Why One-On-One “You Specific” Mentoring Is Essential for Your Fulfillment and Success
I enjoy reading words of inspiration as much as you probably do. I believe in the power of positive thinking. I love practicing the art of creative visualization as much as the next guy or gal. It’s all wonderful and good, but it takes more than arms-length words and solitary mental constructs to effect positive change and consistent success in any endeavor. I’m a golf enthusiast, so I’ll use an example from the ranks of professional golf to make a few points.
Jason Day, a professional golfer from Australia, walked a crooked path to success. Jason, unlike his super-successful contemporary, Jordan Spieth, did not have a strong connection with his parents while growing up. He had a troubled youth before meeting Colin Swatton at Kooralbyn, a golf-centric boarding school in southeast Queensland. Jason’s mother had to borrow money to send her son to Kooralbyn in a desperate attempt to do something about his delinquent behavior after his father died of stomach cancer when Jason was 12.
Colin Swatton was a golf instructor at Kooralbyn when he first met the head-strong, rebellious Day. Swatton’s non-confrontational style won Jason over. When Swatton moved on to teach at Hills International College, Day followed him. From there, Swatton became Day’s golf coach, mentor, close friend, and full-time professional caddie. In Jason Day, Swatton saw a diamond in the rough. He gave his protégé the advice and encouragement needed to overcome the inner demons and soaring outer obstacles blocking Day’s path. Swatton filled in the holes in Jason’s psyche and the gaps in his emotional development. Jason Day possessed rare talent, but, by his own admission, he never would have become the man he is today without a whisperer like Colin Swatton in his life. Despite the challenge of a bulging disc in his lower back, Jason is now one of the top-ranked golfers in the world. He is a devoted father and husband, and he has earned the admiration and affection of his peers.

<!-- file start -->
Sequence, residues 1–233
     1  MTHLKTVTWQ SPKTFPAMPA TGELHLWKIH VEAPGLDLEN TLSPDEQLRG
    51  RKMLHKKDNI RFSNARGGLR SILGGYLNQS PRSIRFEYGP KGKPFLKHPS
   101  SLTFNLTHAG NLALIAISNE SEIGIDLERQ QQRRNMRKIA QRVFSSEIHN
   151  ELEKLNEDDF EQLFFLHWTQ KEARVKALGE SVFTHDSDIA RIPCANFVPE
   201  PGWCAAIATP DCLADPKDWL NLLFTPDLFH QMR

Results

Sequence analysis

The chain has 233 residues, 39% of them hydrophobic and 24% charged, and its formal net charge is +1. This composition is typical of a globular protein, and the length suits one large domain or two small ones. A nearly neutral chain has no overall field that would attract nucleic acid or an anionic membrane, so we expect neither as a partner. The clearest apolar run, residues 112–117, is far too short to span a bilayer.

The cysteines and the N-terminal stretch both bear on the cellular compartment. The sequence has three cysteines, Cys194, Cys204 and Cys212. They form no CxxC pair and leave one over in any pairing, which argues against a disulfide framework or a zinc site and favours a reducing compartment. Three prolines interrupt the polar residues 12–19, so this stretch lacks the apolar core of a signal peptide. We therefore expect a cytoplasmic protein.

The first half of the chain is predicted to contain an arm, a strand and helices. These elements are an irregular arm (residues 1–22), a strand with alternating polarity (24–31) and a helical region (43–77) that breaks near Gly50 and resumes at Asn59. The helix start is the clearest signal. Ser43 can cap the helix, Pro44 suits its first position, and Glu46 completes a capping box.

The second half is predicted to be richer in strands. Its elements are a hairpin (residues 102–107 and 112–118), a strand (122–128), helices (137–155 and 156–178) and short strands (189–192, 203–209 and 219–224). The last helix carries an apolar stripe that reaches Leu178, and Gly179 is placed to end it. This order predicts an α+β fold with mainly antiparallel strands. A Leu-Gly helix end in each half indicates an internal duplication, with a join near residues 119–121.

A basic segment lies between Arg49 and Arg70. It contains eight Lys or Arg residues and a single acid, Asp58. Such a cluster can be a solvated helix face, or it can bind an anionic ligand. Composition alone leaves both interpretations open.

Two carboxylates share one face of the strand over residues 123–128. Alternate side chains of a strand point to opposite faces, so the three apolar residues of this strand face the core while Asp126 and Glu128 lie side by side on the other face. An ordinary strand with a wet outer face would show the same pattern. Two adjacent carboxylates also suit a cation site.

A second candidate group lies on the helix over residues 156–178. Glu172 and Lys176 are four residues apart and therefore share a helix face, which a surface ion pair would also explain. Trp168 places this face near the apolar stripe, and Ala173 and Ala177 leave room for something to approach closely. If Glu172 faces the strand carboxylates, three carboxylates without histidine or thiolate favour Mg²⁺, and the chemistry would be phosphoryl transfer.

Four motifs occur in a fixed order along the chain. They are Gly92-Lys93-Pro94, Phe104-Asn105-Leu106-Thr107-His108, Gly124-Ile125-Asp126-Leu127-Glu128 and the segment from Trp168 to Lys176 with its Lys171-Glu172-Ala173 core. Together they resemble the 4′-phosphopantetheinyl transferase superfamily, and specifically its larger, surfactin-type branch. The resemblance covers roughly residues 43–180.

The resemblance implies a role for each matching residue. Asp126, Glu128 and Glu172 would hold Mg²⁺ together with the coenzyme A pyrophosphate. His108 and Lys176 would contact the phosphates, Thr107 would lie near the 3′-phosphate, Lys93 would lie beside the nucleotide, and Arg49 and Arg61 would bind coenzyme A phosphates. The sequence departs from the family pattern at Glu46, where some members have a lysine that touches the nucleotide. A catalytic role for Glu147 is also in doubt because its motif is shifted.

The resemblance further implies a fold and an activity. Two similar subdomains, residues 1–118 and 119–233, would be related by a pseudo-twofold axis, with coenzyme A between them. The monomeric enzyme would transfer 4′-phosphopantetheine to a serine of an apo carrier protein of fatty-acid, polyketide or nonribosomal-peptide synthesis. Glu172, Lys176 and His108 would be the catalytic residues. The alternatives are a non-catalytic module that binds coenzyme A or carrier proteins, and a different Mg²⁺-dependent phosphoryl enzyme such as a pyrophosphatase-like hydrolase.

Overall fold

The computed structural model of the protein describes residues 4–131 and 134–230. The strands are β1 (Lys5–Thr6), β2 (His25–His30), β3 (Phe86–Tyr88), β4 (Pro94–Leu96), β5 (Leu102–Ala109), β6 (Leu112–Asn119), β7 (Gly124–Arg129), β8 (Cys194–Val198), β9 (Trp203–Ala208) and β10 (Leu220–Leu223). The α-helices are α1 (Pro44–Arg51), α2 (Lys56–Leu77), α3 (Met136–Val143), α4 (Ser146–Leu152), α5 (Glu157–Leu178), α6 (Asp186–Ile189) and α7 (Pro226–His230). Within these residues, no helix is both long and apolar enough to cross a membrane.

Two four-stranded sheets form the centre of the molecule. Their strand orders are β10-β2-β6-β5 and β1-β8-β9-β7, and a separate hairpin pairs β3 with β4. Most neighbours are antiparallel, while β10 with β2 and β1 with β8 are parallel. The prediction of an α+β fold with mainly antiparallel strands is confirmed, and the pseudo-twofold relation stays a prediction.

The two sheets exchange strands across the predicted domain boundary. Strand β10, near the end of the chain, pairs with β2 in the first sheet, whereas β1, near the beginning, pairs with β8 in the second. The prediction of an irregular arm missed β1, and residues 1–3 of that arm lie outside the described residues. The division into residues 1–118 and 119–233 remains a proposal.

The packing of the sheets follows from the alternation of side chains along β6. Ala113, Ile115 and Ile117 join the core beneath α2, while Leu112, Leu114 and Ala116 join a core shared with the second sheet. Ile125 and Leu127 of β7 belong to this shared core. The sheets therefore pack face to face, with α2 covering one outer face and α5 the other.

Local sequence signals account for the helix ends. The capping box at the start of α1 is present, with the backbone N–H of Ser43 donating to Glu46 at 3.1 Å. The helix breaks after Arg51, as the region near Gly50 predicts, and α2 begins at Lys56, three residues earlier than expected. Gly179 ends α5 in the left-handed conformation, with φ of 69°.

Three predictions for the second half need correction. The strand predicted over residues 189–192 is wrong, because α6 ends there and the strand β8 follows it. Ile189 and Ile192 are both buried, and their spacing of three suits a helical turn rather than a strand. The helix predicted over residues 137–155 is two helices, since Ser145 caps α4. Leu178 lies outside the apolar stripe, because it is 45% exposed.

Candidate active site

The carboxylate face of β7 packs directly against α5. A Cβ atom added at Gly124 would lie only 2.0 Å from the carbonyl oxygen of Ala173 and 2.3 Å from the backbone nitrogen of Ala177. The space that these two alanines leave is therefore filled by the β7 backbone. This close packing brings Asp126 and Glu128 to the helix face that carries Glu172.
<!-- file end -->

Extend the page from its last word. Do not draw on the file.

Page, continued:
Enough of the super heroes of the world. Let’s talk about you and me. After I’ve read a self-help book, the inspiration and advice usually fade within forty-eight hours. Formulaic self-help exercises quickly become dry practices that yield little or lasting benefits. I picked up a self-help book by a famous author recently. Two things became immediately clear: (1) the author had a lot of nice things to say, and (2) his precepts were so far over my head that I couldn’t practice them if I tried for a million years.
So, what does it take to move forward, achieve, and grow?
To amplify what I said earlier, it takes a special personal relationship. It is a relationship that always accepts and honors who you are and where you are. It can be a parental, mentoring, teaching, romantic, or friend-to-friend relationship. In the case of the first three, the relationship begins with the child or student receiving more at first. I’ve learned that, over time, the best of these relationships blossom into mutuality where both parties reap significant rewards. There’s an energy and information exchange in these relationships; call it love, call it caring and concern, call it chemistry. Whatever it is, it’s a radiant, magic elixir. It produces extraordinary human beings, some famous and others who live and work quietly outside of the limelight.